This advice was compiled on the morning of Monday 7th February; all information was checked and correct at that time, but will no doubt change.

Suggested Topics
Voices
There will be a chance to bid for a rare example of the SAS Diary, collated by a former member of the regiment in the aftermath of World War II but only published – in a limited run of just 5,000 – in 2011
charity appealTime is running out to secure your favourite lot as our auction closes at 2pm today
News
File: James Woods attends the 52nd New York Film Festival at Walter Reade Theater on September 27, 2014
peopleActor was tweeting in wake of NYPD police shooting
Sport
Martin Skrtel heads in the dramatic equaliser
SPORTLiverpool vs Arsenal match report: Bandaged Martin Skrtel heads home in the 97th-minute
Arts and Entertainment
Mark Wright has won The Apprentice 2014
tvThe Apprentice 2014 final
PROMOTED VIDEO
Have you tried new the Independent Digital Edition apps?
Travel
ebookHow to enjoy the perfect short break in 20 great cities
Independent Travel Videos
Independent Travel Videos
Simon Calder in Amsterdam
Independent Travel Videos
Simon Calder in Giverny
Independent Travel Videos
Simon Calder in St John's
Independent Travel Videos
Latest stories from i100
Have you tried new the Independent Digital Edition apps?
Independent Dating
and  

By clicking 'Search' you
are agreeing to our
Terms of Use.

ES Rentals

    iJobs Job Widget
    iJobs Travel

    Investigo: Finance Analyst

    £240 - £275 per day: Investigo: Support the global business through in-depth a...

    Ashdown Group: Data Manager - £Market Rate

    Negotiable: Ashdown Group: Data Manager - MySQL, Shell Scripts, Java, VB Scrip...

    Ashdown Group: Application Support Analyst - Bedfordshire/Cambs border - £32k

    £27000 - £32000 per annum: Ashdown Group: Application Support Analyst - near S...

    Recruitment Genius: Class 1 HGV Driver

    £23000 - £27000 per annum: Recruitment Genius: This successful group of compan...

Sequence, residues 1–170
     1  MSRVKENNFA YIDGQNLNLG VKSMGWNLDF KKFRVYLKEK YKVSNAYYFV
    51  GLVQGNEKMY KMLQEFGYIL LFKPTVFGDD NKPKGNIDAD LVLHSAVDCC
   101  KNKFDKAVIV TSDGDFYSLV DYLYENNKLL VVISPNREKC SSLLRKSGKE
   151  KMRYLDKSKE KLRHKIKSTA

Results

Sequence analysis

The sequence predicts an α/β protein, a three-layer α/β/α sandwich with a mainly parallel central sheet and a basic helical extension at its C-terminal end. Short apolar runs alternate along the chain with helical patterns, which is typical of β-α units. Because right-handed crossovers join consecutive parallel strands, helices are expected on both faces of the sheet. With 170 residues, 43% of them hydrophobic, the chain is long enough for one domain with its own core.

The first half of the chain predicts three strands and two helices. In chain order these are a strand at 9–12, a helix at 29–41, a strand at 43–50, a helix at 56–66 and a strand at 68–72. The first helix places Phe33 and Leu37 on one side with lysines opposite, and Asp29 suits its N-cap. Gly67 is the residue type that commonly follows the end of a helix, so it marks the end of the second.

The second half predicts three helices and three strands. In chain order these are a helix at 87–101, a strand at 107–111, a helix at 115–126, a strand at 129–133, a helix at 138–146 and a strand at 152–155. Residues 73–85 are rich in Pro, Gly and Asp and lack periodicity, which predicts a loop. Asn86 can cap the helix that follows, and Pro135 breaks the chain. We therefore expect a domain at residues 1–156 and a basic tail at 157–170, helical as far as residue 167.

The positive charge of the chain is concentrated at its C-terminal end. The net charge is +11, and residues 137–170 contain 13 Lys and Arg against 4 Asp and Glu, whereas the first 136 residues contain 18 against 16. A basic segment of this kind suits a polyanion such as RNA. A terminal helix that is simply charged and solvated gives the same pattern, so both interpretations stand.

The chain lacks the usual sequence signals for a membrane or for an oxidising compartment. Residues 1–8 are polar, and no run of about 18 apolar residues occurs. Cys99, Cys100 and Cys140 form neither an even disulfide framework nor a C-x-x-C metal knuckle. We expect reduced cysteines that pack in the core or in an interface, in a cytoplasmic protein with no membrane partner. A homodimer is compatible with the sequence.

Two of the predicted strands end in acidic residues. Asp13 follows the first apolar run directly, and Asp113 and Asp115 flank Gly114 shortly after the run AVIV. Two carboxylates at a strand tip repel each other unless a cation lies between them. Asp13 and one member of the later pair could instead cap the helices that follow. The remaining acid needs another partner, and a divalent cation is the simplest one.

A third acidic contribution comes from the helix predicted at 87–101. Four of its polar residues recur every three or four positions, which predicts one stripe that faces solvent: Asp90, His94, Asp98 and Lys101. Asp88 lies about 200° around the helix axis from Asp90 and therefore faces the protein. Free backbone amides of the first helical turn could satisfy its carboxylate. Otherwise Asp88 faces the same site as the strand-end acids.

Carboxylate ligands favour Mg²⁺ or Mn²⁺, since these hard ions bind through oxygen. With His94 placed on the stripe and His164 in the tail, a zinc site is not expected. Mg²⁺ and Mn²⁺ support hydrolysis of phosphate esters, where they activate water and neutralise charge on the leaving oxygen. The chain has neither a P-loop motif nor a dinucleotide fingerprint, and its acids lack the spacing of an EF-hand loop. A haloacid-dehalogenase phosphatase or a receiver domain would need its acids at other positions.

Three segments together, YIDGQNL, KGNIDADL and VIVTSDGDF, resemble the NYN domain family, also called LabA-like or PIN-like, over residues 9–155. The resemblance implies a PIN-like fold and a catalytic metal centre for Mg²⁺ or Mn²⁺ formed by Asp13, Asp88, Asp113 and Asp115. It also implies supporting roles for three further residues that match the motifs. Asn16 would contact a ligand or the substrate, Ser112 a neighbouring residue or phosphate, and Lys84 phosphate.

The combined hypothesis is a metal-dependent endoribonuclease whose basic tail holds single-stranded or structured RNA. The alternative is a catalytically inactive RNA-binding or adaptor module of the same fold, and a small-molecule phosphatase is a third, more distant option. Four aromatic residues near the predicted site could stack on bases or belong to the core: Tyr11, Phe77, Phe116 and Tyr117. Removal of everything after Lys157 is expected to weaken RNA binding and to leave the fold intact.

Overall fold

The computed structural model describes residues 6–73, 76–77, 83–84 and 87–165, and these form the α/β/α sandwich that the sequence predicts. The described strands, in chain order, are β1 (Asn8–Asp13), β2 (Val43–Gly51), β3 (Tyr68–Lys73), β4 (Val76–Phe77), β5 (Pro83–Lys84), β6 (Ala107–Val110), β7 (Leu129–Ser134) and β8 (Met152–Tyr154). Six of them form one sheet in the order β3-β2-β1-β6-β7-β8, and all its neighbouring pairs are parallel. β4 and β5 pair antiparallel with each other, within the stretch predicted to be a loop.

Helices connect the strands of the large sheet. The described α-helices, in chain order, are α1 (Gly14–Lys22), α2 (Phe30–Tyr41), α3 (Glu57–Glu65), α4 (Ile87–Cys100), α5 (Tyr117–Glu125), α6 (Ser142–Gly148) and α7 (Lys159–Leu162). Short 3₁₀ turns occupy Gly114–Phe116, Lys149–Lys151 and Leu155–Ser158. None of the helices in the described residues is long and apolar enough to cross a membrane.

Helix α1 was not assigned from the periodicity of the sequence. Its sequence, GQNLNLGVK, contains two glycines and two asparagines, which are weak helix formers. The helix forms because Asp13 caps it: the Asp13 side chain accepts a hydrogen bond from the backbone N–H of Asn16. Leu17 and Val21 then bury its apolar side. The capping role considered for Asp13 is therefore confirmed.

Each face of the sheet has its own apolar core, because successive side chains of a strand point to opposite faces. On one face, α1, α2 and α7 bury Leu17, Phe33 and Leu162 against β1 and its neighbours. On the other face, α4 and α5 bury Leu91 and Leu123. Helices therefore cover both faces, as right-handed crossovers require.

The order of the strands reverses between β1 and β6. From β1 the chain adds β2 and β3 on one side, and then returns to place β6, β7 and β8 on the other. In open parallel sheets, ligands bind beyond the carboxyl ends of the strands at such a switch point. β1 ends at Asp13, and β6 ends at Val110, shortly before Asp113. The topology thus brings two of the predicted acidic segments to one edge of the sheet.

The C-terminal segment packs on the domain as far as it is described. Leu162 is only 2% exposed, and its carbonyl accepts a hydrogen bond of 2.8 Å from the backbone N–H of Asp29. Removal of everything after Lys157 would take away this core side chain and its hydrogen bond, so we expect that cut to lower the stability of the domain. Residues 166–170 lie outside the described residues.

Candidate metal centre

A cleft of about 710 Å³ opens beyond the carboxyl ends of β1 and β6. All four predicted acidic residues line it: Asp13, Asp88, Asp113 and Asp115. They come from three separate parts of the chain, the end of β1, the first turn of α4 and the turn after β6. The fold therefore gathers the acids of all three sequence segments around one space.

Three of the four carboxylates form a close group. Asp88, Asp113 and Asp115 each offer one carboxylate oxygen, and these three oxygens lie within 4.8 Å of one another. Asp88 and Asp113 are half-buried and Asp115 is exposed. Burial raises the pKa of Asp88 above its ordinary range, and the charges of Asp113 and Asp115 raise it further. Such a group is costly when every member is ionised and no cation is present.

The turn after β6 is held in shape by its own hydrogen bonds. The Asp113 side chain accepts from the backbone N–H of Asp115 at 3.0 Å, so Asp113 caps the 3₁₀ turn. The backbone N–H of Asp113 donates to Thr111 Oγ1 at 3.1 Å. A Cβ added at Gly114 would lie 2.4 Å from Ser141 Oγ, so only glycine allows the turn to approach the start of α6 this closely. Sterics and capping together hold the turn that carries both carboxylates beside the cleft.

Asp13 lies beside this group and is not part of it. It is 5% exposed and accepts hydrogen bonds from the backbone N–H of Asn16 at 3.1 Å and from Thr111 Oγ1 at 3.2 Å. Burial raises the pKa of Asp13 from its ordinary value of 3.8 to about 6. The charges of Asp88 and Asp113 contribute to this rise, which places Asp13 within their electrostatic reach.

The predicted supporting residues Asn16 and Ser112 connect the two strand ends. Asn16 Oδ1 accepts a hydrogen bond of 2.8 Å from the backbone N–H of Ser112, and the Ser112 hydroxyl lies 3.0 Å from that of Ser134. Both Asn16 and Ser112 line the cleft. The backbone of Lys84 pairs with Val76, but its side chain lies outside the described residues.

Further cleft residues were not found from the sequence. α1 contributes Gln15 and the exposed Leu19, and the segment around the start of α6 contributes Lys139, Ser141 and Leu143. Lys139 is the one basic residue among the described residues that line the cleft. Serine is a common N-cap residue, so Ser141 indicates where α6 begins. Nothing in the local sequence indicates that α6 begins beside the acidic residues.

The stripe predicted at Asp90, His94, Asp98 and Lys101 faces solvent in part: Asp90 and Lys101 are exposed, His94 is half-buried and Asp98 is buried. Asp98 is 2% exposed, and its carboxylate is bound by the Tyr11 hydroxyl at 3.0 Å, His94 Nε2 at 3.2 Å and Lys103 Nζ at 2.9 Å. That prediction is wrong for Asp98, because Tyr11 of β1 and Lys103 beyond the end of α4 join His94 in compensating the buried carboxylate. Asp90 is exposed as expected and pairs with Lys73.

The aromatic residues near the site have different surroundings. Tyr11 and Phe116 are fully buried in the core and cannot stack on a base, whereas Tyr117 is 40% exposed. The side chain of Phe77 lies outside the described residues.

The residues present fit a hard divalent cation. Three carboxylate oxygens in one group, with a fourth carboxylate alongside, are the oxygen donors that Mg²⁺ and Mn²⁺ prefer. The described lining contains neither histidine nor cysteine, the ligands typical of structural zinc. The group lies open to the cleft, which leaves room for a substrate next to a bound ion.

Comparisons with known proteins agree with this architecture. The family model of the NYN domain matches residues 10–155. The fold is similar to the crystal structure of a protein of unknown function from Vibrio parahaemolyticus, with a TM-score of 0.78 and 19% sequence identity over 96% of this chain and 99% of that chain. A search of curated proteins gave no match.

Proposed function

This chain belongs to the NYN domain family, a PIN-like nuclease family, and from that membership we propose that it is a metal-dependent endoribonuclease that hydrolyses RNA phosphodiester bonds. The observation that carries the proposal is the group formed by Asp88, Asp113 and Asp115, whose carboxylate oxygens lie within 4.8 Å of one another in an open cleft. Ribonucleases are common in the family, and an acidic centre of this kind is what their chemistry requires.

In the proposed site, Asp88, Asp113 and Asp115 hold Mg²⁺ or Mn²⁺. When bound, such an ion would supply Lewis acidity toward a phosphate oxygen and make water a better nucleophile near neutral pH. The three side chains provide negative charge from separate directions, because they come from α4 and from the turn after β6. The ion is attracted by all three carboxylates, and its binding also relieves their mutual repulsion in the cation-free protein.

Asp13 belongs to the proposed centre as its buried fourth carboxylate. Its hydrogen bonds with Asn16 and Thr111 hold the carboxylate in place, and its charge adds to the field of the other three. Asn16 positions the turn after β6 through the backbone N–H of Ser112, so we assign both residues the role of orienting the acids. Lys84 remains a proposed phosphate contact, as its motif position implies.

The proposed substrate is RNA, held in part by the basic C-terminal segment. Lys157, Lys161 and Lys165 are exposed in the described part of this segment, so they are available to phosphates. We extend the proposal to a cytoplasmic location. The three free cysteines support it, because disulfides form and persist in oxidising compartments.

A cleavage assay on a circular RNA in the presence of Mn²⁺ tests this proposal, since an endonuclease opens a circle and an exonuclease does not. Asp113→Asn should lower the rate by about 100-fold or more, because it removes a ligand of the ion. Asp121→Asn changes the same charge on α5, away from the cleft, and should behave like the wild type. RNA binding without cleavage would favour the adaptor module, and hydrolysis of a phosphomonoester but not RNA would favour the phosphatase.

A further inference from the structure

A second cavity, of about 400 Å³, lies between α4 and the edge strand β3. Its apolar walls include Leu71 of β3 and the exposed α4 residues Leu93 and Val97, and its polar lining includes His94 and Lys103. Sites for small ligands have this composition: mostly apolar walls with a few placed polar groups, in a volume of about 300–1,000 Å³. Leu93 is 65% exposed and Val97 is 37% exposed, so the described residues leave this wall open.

Day In a Page

    Surrounded by high-rise flats is a little house filled with Lebanon’s history - clocks, rifles, frogmen’s uniforms and colonial helmets

    Clocks, rifles, swords, frogmen’s uniforms

    Surrounded by high-rise flats is a little house filled with Lebanon’s history
    Return to Gaza: Four months on, the wounds left by Israel's bombardment have not yet healed

    Four months after the bombardment, Gaza’s wounds are yet to heal

    Kim Sengupta is reunited with a man whose plight mirrors the suffering of the Palestinian people
    Gastric surgery: Is it really the answer to the UK's obesity epidemic?

    Is gastric surgery really the answer to the UK's obesity epidemic?

    Critics argue that it’s crazy to operate on healthy people just to stop them eating
    Homeless Veterans appeal: Christmas charity auction Part 2 - now LIVE

    Homeless Veterans appeal: Christmas charity auction

    Bid on original art, or trips of a lifetime to Africa or the 'Corrie' set, and help Homeless Veterans
    The week Hollywood got scared and had to grow up a bit

    The week Hollywood got scared and had to grow up a bit

    Sony suffered a chorus of disapproval after it withdrew 'The Interview', but it's not too late for it to take a stand, says Joan Smith
    From Widow Twankey to Mother Goose, how do the men who play panto dames get themselves ready for the performance of a lifetime?

    Panto dames: before and after

    From Widow Twankey to Mother Goose, how do the men who play panto dames get themselves ready for the performance of a lifetime?
    Thirties murder mystery novel is surprise runaway Christmas hit

    Thirties murder mystery novel is surprise runaway Christmas hit

    Booksellers say readers are turning away from dark modern thrillers and back to the golden age of crime writing
    Anne-Marie Huby: 'Charities deserve the best,' says founder of JustGiving

    Anne-Marie Huby: 'Charities deserve the best'

    Ten million of us have used the JustGiving website to donate to good causes. Its co-founder says that being dynamic is as important as being kind
    The botanist who hunts for giant trees at Kew Gardens

    The man who hunts giants

    A Kew Gardens botanist has found 25 new large tree species - and he's sure there are more out there
    The 12 ways of Christmas: Spare a thought for those who will be working to keep others safe during the festive season

    The 12 ways of Christmas

    We speak to a dozen people who will be working to keep others safe, happy and healthy over the holidays
    Birdwatching men have a lot in common with their feathered friends, new study shows

    The male exhibits strange behaviour

    A new study shows that birdwatching men have a lot in common with their feathered friends...
    Diaries of Evelyn Waugh, Virginia Woolf and Noël Coward reveal how they coped with the December blues

    Famous diaries: Christmas week in history

    Noël Coward parties into the night, Alan Clark bemoans the cost of servants, Evelyn Waugh ponders his drinking…
    From noble to narky, the fall of the open letter

    From noble to narky, the fall of the open letter

    The great tradition of St Paul and Zola reached its nadir with a hungry worker's rant to Russell Brand, says DJ Taylor
    A Christmas ghost story by Alison Moore: A prodigal daughter has a breakthrough

    A Christmas ghost story by Alison Moore

    The story was published earlier this month in 'Poor Souls' Light: Seven Curious Tales'